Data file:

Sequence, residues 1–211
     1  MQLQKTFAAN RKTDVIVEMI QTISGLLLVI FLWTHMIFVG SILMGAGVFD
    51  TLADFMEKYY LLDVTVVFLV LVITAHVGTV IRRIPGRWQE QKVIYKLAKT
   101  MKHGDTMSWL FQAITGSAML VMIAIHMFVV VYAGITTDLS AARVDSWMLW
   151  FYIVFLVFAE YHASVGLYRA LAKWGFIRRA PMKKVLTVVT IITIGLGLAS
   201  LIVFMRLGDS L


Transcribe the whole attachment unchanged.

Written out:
Sequence, residues 1–211
     1  MQLQKTFAAN RKTDVIVEMI QTISGLLLVI FLWTHMIFVG SILMGAGVFD
    51  TLADFMEKYY LLDVTVVFLV LVITAHVGTV IRRIPGRWQE QKVIYKLAKT
   101  MKHGDTMSWL FQAITGSAML VMIAIHMFVV VYAGITTDLS AARVDSWMLW
   151  FYIVFLVFAE YHASVGLYRA LAKWGFIRRA PMKKVLTVVT IITIGLGLAS
   201  LIVFMRLGDS L